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The Age of Innocence
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The Age of Innocence
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  • and for some obscure reason he disliked the prospect.
  • "There are plenty of people to tell you what to do," Archer rejoined, obscurely envious of them.
  • He felt himself drawn to her by obscure feelings of jealousy and pity, as if her dumbly-confessed error had put her at his mercy, humbling yet endearing her.
  • May herself could not understand his obscure reluctance to fall in with so reasonable and pleasant a way of spending the summer.
  • At its base was a firm foundation of what Mrs. Archer called "plain people"; an honourable but obscure majority of respectable families who (as in the case of the Spicers or the Leffertses or the Jacksons) had been raised above their level by marriage with one of the ruling clans.
  • As it drove off she leaned forward, and he thought she waved her hand in the obscurity.
  • He became aware of the same obscure effort in her, the same reaching out toward something beyond the usual range of her vision.
  • She met the words with a long silence, during which the carriage rolled down an obscure side-street and then turned into the searching illumination of Fifth Avenue.
  • Archer knew that Madame Olenska lived in a square near one of the avenues radiating from the Invalides; and he had pictured the quarter as quiet and almost obscure, forgetting the central splendour that lit it up.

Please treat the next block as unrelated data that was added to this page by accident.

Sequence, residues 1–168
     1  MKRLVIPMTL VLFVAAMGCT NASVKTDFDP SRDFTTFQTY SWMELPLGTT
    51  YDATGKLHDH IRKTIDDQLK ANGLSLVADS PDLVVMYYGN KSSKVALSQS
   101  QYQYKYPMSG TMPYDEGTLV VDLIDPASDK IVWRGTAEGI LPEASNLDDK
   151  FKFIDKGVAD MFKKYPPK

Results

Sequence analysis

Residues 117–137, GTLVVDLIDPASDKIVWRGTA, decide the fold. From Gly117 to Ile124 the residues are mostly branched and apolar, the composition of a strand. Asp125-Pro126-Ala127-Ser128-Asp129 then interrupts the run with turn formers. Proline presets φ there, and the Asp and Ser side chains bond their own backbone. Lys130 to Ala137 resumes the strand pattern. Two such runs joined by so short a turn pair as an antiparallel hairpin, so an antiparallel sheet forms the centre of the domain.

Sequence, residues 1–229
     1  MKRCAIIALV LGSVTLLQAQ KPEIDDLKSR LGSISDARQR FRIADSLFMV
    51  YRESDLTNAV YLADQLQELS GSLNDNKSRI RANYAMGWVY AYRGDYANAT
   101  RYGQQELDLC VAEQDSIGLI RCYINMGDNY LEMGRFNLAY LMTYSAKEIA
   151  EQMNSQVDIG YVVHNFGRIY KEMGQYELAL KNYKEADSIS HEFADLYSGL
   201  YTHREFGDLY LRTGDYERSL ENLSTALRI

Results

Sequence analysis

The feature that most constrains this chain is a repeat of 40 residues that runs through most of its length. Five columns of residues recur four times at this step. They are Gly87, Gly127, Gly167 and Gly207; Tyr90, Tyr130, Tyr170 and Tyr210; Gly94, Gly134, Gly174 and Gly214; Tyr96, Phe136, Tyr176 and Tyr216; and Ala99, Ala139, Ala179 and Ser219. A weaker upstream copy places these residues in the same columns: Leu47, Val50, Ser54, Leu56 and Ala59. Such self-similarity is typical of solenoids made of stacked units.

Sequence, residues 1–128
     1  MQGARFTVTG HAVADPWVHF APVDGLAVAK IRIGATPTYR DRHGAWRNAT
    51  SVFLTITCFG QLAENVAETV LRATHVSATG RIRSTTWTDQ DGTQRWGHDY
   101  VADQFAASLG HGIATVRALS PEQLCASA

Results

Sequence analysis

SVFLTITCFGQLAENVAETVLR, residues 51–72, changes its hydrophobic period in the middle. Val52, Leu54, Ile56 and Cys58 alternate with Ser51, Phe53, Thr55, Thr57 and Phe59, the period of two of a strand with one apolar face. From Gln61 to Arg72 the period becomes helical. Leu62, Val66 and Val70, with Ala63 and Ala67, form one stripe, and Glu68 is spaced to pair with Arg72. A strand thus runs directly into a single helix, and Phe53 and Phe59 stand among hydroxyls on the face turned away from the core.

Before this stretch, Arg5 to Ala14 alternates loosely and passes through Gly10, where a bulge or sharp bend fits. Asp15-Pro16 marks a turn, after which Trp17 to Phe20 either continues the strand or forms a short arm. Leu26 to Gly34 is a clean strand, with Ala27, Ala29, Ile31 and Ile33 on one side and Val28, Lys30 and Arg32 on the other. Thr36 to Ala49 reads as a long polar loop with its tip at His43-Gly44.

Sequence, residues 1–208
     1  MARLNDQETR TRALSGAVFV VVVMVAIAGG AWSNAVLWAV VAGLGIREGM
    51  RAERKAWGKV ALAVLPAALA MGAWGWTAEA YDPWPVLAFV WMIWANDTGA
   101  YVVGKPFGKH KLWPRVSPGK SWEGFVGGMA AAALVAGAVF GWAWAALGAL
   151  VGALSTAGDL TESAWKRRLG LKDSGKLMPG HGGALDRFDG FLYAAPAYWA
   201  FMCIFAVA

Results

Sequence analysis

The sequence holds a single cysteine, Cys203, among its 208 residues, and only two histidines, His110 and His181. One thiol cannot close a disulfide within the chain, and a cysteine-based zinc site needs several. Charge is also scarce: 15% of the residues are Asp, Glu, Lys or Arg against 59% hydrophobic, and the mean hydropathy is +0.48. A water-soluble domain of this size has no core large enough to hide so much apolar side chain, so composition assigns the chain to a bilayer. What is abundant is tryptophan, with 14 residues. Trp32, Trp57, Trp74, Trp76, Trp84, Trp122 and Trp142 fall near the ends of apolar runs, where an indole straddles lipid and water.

• For a couple of hours Archer had examined the terms of the deed with his senior, all the while obscurely feeling that if he had been consulted it was for some reason other than the obvious one of his cousinship; and that the close of the conference would reveal it.
  • If society chose to open its doors to vulgar women the harm was not great, though the gain was doubtful; but once it got in the way of tolerating men of obscure origin and tainted wealth the end was total disintegration—and at no distant date.
  • Only the older people remembered so obscure an incident in the business life of New York as Beaufort’s failure, or the fact that after his wife’s death he had been quietly married to the notorious Fanny Ring, and had left the country with his new wife, and a little girl who inherited her beauty.
  • …as he looked back, was not sure that men like himself WERE what his country needed, at least in the active service to which Theodore Roosevelt had pointed; in fact, there was reason to think it did not, for after a year in the State Assembly he had not been re-elected, and had dropped back thankfully into obscure if useful municipal work, and from that again to the writing of occasional articles in one of the reforming weeklies that were trying to shake the country out of its apathy.

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  • The obscure battle is hardly mentioned in history books.
  • Nobody had seen the poem before, but an Internet search proved she had copied an obscure poem written in 1920.

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